I love listening to the radio!
I grew up listening to radio. As a Brit, that meant mainly the BBC.
Born in the year colour TV arrived, I’m not of the digital generation. My father was an engineer and spent most of his career working outside the UK.
We often had no TV and the radio was our lifeline to the outside world. Every morning and evening we would listen to the news from the BBC World Service.
When I myself started living overseas I continued to listen to the BBC, first on the long wave service and then via podcasts. Over the 12 years I lived in China, I slowly explored the BBC’s radio programmes.
Why do I listen?
Mainly to stay in touch with my home country of England. But I also tune in to learn, to be challenged by the ideas of others, to ‘meet’ experts, to feel part of a larger community.
Where do I listen?
Everywhere! Literally. I have taken the BBC on long journeys, up mountains, into my bedroom and kitchen and onto my dining room table!
British radio for English learners
For people learning English, listening to BBC radio podcasts would be a fabulous way to improve your English listening skills and vocabulary as well as getting exposure to the British English accent.
Here are my seven favourite shows and why I think they have something to teach you in English.
BBC Radio 4
This show started in 1942. It’s so famous they even made a show about the show! The guest, or castaway, is invited to choose eight pieces of music, a book and a luxury to take with them to a desert island. The interview is built around their music choices and key moments in the their life.1
Great for listening to stories told in the past tense.
Don’t be put off by the very-hard-to-understand introductions that presenter Kirsty Young reads out. I think she must be a thesaurus addict! Just skip the intro and start at the first record choice.
This is a business show, where guests – a mixture of corporates and entrepreneurs – are invited to discuss a chosen topic. The host, Evan Davis, is an excellent interviewer and he invites some inspiring guests on his shows.
Wonderful place to learn your business and entrepreneurial vocabulary.
3. Woman’s Hour
As its name suggests, this is a daily show dealing with women’s issues in the UK. I’ve been a huge fan for around 20 years and usually listen to the previous day’s episode with my breakfast. They recently introduced a Late Night Woman’s hour where “guests partake of a few nocturnal frank and funny conversations”.
Polish up your listening skills with a breadth of British accents you probably never knew existed while familiarising yourself with the vocab of all things female!
I don’t really have a favourite episode, but here’s a Late Night Woman’s Hour show I really enjoyed:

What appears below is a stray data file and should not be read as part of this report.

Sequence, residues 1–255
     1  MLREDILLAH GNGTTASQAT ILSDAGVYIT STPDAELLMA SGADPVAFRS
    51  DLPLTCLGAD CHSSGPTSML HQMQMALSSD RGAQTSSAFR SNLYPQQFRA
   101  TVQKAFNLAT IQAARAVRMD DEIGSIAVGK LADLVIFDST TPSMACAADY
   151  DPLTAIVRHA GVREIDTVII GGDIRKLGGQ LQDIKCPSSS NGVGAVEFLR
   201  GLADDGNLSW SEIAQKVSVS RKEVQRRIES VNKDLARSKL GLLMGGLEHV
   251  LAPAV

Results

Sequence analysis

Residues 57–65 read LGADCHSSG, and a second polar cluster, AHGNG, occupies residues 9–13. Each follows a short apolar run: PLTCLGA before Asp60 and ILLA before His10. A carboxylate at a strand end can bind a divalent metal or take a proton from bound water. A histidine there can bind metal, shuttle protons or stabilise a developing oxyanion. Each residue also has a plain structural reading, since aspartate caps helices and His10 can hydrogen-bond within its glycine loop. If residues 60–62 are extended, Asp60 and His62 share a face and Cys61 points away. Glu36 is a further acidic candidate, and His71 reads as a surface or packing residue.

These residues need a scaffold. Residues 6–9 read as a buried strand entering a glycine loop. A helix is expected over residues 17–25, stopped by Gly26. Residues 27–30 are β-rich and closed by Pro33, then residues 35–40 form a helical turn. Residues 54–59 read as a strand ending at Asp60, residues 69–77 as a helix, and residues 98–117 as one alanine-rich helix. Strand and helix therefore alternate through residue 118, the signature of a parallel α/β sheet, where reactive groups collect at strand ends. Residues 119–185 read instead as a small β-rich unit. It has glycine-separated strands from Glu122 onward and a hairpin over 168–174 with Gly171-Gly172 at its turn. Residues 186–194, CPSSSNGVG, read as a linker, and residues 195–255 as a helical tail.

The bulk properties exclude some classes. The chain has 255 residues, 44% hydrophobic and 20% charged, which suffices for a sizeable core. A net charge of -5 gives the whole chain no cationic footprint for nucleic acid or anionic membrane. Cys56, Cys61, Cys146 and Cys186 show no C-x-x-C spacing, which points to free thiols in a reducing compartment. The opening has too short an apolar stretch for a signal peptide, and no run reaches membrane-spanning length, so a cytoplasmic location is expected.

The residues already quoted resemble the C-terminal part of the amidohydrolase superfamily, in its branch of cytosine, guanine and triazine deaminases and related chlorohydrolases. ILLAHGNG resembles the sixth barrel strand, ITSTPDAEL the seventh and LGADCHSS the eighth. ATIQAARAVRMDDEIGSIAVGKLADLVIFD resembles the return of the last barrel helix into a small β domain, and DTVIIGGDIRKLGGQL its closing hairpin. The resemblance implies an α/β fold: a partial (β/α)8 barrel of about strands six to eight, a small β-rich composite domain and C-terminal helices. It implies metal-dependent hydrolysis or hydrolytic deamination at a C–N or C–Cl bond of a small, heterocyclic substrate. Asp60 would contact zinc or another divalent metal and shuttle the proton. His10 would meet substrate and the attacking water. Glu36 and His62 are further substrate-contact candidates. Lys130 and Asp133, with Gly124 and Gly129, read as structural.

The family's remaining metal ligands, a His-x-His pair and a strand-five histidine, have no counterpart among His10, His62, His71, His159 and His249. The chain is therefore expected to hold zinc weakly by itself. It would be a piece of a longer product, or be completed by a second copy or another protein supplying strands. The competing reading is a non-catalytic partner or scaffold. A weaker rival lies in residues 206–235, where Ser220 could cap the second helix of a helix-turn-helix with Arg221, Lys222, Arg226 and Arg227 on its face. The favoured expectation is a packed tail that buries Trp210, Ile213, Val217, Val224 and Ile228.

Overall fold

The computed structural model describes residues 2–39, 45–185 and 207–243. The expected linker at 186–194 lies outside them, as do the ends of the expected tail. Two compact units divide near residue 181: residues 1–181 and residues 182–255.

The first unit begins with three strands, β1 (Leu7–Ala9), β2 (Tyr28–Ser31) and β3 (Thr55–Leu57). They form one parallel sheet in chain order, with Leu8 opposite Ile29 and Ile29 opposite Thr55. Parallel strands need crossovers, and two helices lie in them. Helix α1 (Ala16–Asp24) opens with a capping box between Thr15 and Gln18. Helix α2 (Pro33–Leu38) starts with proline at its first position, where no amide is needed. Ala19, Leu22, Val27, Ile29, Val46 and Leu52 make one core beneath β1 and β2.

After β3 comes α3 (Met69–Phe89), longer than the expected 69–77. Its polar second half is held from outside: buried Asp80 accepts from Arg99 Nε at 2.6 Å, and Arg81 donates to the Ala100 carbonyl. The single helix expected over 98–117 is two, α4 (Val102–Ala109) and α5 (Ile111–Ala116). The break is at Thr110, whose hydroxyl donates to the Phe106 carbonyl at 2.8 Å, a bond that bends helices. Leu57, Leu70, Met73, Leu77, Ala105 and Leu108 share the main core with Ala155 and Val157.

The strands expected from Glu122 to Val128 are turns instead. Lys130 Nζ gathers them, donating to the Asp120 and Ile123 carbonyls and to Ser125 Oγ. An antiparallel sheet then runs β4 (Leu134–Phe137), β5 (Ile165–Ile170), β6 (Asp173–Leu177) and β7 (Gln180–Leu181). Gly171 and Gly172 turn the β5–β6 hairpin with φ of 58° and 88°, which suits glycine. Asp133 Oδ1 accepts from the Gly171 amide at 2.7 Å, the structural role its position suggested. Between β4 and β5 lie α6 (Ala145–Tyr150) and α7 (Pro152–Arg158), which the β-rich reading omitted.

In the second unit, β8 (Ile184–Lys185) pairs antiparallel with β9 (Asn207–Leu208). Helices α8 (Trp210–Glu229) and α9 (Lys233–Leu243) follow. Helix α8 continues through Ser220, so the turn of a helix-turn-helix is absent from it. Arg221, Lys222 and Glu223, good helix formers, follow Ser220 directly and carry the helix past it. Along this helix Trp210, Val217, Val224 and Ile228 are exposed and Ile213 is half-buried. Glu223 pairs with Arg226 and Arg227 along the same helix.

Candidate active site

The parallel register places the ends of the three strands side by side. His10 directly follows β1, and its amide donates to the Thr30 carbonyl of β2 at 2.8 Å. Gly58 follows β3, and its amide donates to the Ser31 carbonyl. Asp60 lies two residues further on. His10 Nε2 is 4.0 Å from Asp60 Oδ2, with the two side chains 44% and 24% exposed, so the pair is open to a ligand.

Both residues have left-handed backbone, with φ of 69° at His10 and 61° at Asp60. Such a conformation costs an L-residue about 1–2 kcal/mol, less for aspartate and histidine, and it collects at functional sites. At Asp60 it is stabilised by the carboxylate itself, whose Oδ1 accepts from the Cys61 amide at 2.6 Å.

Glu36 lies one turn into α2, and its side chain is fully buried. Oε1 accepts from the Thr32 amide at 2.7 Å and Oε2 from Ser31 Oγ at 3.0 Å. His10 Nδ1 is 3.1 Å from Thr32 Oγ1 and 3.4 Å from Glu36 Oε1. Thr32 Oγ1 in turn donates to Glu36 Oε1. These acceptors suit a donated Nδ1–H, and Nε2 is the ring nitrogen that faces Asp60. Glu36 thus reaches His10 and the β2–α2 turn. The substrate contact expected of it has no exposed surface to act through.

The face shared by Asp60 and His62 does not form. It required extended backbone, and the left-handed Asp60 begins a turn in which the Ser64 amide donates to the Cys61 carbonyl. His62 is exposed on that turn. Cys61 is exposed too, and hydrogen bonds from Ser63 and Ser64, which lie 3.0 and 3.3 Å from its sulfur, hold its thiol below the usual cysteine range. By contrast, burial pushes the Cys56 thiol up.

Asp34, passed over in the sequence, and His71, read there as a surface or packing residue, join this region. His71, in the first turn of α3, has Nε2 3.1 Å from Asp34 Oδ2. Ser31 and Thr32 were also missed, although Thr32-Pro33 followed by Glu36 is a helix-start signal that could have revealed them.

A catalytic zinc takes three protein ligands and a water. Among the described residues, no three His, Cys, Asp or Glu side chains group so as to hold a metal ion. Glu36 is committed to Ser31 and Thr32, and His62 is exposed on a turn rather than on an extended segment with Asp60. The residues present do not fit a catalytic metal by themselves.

This show alternates between Books and Authors where they usually interview an author and discuss books and publishing issues, and A Good Read, where two guests and the presenter choose a book each to read and discuss.
A great place to find book recommendations. I’m a big fan of recommendations from authors. My feeling is that it’s a double quality filter!
This show is run like a book club as you can go online and find out the book selection and then read it yourself before the show. Authors from all over the world are invited on the show to be interviewed by James Naughtie and questioned by the audience.
James Naughtie not only has the most soothing Scottish accent, his interviewing skills were honed over 21 years as the host of the daily BBC radio news programme the Today show.
If you’d like to ‘meet’ new contemporary authors from around the world, this show will introduce you to some of today’s top authors and English spoken with various accents.
Yann Martel – author of The Life of Pi
Roddy Doyle – author of many books including Paddy Clarke Ha Ha Ha
Audrey Niffenegger – author of The Time Traveller’s Wife
BBC World Service
6. The Documentary (sometimes listed as Documentaries on apps)
“Stories from around the world” could be another name for this series of documentaries. The BBC’s journalists from all corners of the planet delve into local issues and news items to give a more in-depth view to listeners.
The format is a combination of interviews and the journalist reading a report so get a good mix of spoken and written English. A good documentary should leave you wiser and wondering.
I think Documentaries are a very personal choice – go browse, there are so many to chose from.
7. Forum – Sixty Second Idea to Improve the World
Short podcasts – only five minutes – where someone is given sixty seconds to share an idea to improve the world. Their brainwave is then discussed by the guests on the show.
As these podcasts are so short, you can listen to them two or three times. Listen once without stopping, then listen a second time and try to understand difficult parts and look up vocab, then have a final non-stop listen to hear the whole show.
Language for native speakers
With my own foreign language learning, I find I rarely enjoy content prepared for teaching purposes. I much prefer to listen or read content aimed at the native population. Yes, stuff goes over my head; yes I have to look up a lot of words and expressions; but as I find the content engaging I don’t get bored and that means I listen or read to the end!
How to listen to BBC radio shows or podcasts?
There are many ways to listen to BBC podcasts, you can find BBC Radio 4 here and the BBC World Service here.
There are many ways to listen to podcasts – I’ve listed how I listen below.
On my Android, I use an app called Podcast Addict (free on Google Play or there’s a paid version without ads). You can subscribe to podcasts and then download or stream the podcast of your choice.
Now go plug yourself into some great quality English…